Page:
How do you plan to accomplish your goals for SGA this year?

Through college events like Weeks of Welcome. We had that ice cream social on Aug. 27, we will be participating in Casino Royale and Fresh Meet, and we had our booth at Convocation. We’re going to implement more classroom visits this year. It was a great success last year, so we want to do more. We’re going to continue working with the faculty, staff and administration. Also, we have our Facebook [page] and our website to talk to more students so we can educate them.

How are you going to stay objective while working with the student body and administrators?

[By] gathering all of the information and still understanding that we’re here to represent the student voice. We’re here to help create change, work together and be that liaison with information from students and faculty. I’m a very objective person, but as student government, we’re here for the students.

How are you going to elicit feedback from students to capture and respond to the student voice?

Through classroom visits, college-wide forums and word of mouth. Like I said before, we want to implement more class room visits. Those visits also help SGA understand students and help collaboration happen.

What are some things that surprised you about your position as president?

I wouldn’t necessarily say I was surprised but more impressed with how much of a relationship we are able to have with faculty and students and how much say and influence we have. We’ve been able to have so many opportunities, like lobbying to cap the tuition increase and our external relationships. We are newly part of the Coalition of Chicago Colleges, and our involvement with the Illinois Board of Higher Education has really impressed me.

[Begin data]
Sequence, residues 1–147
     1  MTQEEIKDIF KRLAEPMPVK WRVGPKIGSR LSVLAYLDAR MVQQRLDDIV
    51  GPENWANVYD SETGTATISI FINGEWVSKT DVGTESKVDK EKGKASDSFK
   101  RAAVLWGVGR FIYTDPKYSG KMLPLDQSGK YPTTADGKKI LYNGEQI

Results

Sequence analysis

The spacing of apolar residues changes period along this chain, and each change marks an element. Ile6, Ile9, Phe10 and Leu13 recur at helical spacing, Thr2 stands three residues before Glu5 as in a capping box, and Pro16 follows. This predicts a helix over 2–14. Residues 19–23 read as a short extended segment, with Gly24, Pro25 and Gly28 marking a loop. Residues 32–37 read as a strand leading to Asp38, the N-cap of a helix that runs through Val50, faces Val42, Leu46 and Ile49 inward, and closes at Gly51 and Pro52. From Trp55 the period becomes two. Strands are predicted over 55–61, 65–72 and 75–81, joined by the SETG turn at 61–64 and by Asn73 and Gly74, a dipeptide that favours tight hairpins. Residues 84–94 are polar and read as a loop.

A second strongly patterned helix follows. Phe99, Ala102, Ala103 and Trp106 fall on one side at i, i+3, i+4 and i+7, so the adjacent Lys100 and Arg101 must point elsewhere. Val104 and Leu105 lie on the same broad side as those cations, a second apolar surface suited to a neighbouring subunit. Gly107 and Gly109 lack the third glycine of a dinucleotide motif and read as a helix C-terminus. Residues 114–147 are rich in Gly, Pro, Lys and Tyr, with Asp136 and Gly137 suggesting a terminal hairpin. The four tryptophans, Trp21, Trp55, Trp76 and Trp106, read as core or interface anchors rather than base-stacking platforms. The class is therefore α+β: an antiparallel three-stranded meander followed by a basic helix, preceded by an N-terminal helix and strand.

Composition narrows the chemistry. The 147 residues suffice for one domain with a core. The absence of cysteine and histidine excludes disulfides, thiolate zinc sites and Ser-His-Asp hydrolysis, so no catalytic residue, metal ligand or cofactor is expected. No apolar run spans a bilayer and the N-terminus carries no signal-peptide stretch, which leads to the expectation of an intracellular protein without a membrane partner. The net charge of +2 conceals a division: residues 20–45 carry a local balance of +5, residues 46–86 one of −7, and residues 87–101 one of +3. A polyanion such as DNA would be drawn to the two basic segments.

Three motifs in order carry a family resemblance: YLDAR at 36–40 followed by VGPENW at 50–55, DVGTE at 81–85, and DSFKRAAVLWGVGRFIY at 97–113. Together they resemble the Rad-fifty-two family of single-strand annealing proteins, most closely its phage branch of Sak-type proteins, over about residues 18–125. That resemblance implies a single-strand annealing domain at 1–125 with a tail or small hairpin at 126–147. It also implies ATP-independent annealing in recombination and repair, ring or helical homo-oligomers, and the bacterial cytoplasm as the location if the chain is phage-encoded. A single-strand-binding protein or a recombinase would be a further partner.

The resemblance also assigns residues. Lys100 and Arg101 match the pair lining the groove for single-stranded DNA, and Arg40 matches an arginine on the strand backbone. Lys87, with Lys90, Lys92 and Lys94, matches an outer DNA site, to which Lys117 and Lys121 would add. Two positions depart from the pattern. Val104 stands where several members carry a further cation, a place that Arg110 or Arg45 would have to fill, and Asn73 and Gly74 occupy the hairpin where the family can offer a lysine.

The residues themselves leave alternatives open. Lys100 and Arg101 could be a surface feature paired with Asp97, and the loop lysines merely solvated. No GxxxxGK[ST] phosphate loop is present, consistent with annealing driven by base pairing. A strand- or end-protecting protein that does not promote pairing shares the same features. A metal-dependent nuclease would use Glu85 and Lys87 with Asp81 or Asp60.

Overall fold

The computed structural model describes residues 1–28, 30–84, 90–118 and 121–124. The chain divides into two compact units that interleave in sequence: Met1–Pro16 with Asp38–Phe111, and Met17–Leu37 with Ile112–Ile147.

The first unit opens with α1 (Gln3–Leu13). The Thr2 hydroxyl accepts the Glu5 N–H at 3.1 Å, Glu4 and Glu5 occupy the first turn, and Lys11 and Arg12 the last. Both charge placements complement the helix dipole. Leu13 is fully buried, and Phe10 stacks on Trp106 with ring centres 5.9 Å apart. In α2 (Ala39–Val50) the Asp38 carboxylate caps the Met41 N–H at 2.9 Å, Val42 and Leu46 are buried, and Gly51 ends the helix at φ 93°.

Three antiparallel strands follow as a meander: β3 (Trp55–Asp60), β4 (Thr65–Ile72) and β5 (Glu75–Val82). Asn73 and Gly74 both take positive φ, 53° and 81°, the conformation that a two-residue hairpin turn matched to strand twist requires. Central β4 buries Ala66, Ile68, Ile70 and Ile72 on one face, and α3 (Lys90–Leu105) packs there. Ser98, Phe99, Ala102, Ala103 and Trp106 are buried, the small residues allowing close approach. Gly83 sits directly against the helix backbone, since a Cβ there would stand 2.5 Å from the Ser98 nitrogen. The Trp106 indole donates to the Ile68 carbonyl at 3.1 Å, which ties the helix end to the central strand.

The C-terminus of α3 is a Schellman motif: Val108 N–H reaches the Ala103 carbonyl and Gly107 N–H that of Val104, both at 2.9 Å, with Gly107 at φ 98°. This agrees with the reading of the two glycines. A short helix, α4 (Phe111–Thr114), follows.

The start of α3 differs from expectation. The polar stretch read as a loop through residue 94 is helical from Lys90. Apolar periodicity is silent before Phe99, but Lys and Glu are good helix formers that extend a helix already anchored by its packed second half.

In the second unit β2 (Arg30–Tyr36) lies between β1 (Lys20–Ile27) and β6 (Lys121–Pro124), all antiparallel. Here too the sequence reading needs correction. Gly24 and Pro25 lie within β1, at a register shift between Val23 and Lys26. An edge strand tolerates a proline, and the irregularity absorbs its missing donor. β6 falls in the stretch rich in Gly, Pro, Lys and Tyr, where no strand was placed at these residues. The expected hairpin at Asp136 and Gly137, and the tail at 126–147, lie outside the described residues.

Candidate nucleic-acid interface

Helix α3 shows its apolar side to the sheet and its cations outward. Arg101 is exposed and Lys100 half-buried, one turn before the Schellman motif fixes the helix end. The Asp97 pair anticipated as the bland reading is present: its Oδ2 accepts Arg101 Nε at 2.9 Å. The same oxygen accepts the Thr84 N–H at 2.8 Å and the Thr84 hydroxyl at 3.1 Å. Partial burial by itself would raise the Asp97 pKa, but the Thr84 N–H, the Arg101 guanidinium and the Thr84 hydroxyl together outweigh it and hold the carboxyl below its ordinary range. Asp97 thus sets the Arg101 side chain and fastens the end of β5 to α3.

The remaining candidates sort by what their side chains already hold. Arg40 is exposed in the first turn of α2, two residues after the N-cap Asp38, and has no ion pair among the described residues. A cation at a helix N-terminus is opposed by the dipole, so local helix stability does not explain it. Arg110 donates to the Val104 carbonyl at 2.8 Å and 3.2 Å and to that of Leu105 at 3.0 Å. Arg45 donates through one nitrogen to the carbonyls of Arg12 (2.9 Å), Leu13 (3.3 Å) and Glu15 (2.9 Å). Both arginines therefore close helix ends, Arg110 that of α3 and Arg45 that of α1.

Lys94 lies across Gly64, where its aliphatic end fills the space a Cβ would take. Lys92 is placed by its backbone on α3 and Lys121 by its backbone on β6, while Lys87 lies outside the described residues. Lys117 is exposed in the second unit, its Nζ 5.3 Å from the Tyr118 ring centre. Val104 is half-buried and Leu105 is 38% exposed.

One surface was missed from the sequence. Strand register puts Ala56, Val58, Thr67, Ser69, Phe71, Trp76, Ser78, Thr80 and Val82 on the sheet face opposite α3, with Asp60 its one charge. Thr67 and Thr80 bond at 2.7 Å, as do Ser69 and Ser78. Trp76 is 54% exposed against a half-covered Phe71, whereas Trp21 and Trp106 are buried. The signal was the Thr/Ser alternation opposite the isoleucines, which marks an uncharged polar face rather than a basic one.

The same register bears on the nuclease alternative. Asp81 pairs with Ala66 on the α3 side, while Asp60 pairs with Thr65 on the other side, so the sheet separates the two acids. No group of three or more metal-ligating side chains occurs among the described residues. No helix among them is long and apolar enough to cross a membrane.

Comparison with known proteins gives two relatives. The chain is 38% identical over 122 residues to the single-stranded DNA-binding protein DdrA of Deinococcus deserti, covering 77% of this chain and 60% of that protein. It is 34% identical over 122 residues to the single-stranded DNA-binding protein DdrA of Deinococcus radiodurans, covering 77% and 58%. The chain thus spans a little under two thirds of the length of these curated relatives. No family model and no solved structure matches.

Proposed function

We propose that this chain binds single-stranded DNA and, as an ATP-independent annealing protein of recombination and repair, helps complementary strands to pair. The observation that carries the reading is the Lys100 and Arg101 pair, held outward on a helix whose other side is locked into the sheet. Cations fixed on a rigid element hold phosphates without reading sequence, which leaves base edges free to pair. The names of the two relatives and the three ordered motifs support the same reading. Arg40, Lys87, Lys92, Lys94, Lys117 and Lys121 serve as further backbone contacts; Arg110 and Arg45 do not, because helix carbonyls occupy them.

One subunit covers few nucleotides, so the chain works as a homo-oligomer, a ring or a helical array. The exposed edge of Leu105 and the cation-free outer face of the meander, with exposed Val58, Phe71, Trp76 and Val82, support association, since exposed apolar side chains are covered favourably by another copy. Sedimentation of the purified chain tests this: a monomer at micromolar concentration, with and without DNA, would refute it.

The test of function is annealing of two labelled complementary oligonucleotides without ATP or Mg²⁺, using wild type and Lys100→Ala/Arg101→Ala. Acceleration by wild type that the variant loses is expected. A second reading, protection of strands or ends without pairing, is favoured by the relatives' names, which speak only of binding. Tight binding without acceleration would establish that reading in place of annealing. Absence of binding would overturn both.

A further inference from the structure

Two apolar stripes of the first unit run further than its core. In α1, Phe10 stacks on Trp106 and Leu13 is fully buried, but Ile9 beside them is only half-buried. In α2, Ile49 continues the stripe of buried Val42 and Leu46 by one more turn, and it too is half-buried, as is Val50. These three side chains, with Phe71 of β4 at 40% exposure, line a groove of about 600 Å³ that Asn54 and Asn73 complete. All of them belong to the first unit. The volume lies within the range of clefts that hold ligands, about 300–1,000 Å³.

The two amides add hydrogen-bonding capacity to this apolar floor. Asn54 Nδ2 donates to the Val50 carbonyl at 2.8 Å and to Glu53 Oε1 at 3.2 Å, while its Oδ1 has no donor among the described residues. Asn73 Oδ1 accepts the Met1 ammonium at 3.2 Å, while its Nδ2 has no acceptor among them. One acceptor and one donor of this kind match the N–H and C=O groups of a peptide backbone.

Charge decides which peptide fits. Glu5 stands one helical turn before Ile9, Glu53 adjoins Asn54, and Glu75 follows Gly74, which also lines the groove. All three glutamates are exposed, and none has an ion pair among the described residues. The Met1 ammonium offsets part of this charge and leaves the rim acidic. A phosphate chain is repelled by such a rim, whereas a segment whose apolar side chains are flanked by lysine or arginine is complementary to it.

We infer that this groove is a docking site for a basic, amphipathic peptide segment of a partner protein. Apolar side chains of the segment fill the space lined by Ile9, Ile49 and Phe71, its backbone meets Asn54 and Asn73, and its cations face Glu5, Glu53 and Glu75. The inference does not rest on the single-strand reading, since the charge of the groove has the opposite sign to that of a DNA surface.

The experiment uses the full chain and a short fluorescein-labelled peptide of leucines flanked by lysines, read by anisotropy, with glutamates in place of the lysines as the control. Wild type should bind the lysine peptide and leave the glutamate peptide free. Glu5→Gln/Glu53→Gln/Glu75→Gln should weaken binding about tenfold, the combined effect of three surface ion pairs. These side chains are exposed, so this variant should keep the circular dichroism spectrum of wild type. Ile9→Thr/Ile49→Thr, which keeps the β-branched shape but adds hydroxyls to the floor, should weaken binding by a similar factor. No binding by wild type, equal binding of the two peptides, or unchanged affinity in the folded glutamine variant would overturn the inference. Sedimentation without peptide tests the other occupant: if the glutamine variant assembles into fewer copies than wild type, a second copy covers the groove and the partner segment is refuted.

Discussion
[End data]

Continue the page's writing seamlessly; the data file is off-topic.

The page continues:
What influenced your decision to study at Columbia?

I chose Columbia because of the concentration Arts & Materials Conservation. Columbia is one of only three undergraduate programs to offer this degree. There has been a huge transition in the art history world where you need the chemistry background. I absolutely love the program. I’m really happy here at Columbia.

What is your favorite thing about attending Columbia?

The opportunities and the connections that you get to have here. Also, being able to create your body of work and really succeed. Plus, the diversity of people. I am getting to meet so many new people in Chicago. It’s just amazing.

What do you enjoy doing outside of  your work with SGA?

I’m an artist. I love to paint and draw. I sell some portraits on my own to people I’ve met. I do a lot of portraits and contemporary art, too. That’s my passion.

What are you most excited about for this year?

We have such a great working relationship with the president’s office, the administration and with the students. I’m really excited to accomplish things. I want to capture the student voice and build a sense of community within the school. I’m also looking forward to all students being able to live what  they love.